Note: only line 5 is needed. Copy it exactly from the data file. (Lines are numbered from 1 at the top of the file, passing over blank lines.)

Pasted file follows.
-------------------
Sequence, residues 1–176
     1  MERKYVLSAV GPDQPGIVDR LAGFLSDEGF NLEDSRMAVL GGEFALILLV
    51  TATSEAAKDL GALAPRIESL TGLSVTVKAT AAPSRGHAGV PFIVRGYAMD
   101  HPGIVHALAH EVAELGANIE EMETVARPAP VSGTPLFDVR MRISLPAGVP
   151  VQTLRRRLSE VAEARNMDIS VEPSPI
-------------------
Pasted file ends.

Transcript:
   151  VQTLRRRLSE VAEARNMDIS VEPSPI